Madeleine Arthur (Lavinia) and Brendan Meyer (Ben) play the concerned older teenagers to a tee. They know something is wrong. They want the family to leave, but they're not leaving anyone behind until the unthinkable happens. Also, I sincerely enjoyed the relationship between the two, as they constantly call each other names with the venom only understood by a sibling. Toward the end of the movie, its done with less venom and more love as they try to hold on to a sense of normalcy, the way things used to be.
Oh and by the way, Tommy Chong makes an appearance as... you guessed it - an old hippy stoner! While this is generally the way we all see Mr. Chong, the fact is he is absolutely delightful in this movie. He plays the role of Ezra the Squatter, who the Nathans basically leave alone because he isn't hurting anyone. As it turns out, Ezra appears to have a far deeper understanding of what is happening than anyone else in the movie, as evidenced by the line regarding his cat "G-spot". "You may see her, but I don't think you'll recognize her."
Finally... Mr. Nicholas Cage. Allow me to say this - I've never been much of a Cage fan. I have found that most of his characters are just... well... Nicholas Cage. This isn't to say that his movies aren't enjoyable. I just generally find him to be somewhat zany and over the top. The thing is that, in this particular movie, it's absolutely BRILLIANT! Nathan's slightly obsessive compulsive personality, his mild alcoholism and strong sense of family created by his father's aloofness (or outright abuse) is blown out of proportion to the Nth degree, and it WORKS! It makes him sort of a pseudo-villain in the entire affair, but also one that any father will sympathize with and understand. Incredible.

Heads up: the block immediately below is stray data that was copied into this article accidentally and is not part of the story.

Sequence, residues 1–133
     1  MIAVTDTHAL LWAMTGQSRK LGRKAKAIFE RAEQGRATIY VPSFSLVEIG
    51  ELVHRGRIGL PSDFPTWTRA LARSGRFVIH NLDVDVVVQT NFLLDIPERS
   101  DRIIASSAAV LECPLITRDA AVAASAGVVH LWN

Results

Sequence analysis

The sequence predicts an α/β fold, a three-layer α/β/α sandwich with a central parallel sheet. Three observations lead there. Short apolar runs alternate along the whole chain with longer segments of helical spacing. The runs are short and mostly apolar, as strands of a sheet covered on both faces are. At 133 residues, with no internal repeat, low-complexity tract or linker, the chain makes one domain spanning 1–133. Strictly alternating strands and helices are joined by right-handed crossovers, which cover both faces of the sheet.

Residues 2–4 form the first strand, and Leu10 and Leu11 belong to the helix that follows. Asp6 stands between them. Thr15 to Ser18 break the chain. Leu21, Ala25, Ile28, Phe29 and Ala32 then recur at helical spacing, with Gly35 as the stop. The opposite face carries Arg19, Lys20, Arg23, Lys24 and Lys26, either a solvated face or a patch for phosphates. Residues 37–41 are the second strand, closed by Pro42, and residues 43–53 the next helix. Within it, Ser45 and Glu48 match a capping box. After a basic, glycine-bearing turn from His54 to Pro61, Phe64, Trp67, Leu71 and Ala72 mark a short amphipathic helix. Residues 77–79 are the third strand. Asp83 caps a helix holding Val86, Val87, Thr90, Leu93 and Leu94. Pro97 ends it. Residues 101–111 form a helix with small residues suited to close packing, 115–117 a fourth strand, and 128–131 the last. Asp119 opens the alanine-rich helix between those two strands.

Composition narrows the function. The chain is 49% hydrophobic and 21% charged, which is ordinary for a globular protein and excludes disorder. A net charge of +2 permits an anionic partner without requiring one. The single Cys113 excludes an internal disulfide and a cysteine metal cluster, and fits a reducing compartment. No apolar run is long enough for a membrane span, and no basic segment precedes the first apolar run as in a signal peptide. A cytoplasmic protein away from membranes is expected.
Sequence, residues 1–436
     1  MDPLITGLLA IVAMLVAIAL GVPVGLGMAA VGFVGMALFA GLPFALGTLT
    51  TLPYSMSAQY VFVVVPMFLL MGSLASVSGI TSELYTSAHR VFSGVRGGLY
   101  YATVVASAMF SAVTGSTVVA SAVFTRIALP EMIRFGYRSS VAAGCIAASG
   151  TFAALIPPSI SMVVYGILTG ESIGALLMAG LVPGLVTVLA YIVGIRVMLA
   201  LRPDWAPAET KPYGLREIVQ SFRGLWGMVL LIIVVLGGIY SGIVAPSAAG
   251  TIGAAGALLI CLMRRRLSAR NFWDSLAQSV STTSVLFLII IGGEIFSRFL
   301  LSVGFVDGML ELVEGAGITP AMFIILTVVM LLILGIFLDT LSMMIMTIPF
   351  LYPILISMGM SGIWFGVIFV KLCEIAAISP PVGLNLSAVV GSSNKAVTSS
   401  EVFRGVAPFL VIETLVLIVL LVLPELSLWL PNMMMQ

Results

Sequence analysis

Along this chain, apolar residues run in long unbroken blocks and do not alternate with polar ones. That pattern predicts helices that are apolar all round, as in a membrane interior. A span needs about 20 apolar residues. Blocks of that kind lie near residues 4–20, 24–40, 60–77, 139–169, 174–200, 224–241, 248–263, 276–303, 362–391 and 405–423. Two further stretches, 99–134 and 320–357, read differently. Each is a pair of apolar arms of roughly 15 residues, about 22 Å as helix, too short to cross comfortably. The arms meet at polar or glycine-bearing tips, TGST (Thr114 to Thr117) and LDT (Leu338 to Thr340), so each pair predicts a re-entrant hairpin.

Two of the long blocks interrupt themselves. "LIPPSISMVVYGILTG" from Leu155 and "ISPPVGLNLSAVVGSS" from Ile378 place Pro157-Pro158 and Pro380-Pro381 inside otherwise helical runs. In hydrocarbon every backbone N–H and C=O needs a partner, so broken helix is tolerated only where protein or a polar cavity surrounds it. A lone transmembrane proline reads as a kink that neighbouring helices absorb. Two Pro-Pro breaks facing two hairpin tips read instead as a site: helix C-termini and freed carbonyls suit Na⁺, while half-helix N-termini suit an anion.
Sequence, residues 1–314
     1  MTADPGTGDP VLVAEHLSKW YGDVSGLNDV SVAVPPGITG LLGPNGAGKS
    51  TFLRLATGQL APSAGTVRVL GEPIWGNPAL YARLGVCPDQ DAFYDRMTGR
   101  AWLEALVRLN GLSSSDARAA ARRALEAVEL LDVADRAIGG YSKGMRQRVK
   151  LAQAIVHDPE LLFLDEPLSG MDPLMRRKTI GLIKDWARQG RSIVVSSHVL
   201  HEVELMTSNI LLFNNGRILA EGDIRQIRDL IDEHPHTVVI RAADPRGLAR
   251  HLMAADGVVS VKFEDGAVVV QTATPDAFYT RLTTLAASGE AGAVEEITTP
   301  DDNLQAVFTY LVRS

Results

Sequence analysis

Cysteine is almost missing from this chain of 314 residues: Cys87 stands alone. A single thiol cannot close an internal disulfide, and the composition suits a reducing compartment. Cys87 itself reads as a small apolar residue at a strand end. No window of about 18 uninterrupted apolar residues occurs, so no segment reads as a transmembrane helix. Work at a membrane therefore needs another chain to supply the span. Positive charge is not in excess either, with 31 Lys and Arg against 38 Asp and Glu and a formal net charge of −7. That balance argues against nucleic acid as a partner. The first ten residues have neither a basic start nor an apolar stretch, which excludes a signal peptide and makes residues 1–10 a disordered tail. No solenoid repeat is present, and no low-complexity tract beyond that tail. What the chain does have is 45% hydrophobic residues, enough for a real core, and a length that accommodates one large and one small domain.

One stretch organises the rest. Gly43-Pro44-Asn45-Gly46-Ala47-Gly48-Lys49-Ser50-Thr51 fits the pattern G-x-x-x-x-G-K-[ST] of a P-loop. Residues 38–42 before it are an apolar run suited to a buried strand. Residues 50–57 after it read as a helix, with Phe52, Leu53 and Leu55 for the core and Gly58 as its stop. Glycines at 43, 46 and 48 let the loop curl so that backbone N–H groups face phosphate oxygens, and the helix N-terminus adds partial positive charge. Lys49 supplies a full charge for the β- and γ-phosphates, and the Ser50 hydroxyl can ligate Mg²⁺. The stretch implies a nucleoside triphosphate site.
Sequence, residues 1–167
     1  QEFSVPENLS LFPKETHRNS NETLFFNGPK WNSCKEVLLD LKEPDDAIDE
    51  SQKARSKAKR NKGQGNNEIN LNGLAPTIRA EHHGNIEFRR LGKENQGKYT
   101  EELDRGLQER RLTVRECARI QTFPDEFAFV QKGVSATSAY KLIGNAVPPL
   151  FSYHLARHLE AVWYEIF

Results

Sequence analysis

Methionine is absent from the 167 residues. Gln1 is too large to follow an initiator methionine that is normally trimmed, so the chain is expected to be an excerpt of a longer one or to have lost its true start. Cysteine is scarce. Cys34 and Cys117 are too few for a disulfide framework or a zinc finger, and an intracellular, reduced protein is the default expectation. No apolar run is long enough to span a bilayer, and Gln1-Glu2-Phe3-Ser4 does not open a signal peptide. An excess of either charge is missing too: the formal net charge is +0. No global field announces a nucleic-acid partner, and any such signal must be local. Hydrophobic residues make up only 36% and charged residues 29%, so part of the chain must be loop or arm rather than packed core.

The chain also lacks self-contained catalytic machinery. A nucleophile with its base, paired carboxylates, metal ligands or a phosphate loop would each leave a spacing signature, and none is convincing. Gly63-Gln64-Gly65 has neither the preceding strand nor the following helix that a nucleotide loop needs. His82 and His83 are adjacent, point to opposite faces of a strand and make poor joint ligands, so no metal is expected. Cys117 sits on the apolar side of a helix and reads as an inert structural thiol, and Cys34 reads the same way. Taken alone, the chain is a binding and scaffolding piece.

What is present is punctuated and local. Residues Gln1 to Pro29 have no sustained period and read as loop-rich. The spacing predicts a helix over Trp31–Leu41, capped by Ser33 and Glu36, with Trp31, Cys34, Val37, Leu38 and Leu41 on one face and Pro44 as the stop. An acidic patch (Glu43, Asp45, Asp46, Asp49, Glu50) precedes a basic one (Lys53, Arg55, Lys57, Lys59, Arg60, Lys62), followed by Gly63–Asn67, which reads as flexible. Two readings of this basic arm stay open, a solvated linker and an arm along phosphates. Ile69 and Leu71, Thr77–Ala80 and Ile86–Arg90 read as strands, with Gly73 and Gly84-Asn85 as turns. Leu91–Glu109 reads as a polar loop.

The second act continues to build the story slowly, but methodically as everything begins to change. The viewer becomes very aware that something is wrong, but the malevolence behind what is happening does not begin to become clear. Whatever force behind it all may not even be malevolent as much as an uncaring and indifferent because it doesn't even recognize us as life, much as we wouldn't recognize a color as life. How very cosmic horror...
Frankly, the shit really hits the fan as the second act moves into the third, as it does in most good horror movies. A colorful energy strikes Theresa and Jack-Jack as they try to run from the barn, and the result, which is not shown to us for several minutes to powerful effect, is absolutely heartbreaking and terrifying. And the visuals are reinforced by the audio - the tortured wails of Jack chilled me to the core, drawing on my need as a father to help, while actually seeing the situation made me feel utterly powerless.
Simply put, The Color Out of Space is the best horror movie I have seen in years. We live in a day where horror movies tend to rely on blood, gore and shock to evoke fear and tension, and while TCOoS has some amount of that, it is used as a plot element rather than for the fear factor. I consider this a must see, whether you love H.P. Lovecraft or not, and if you've never read him, this is one hell of a place to start!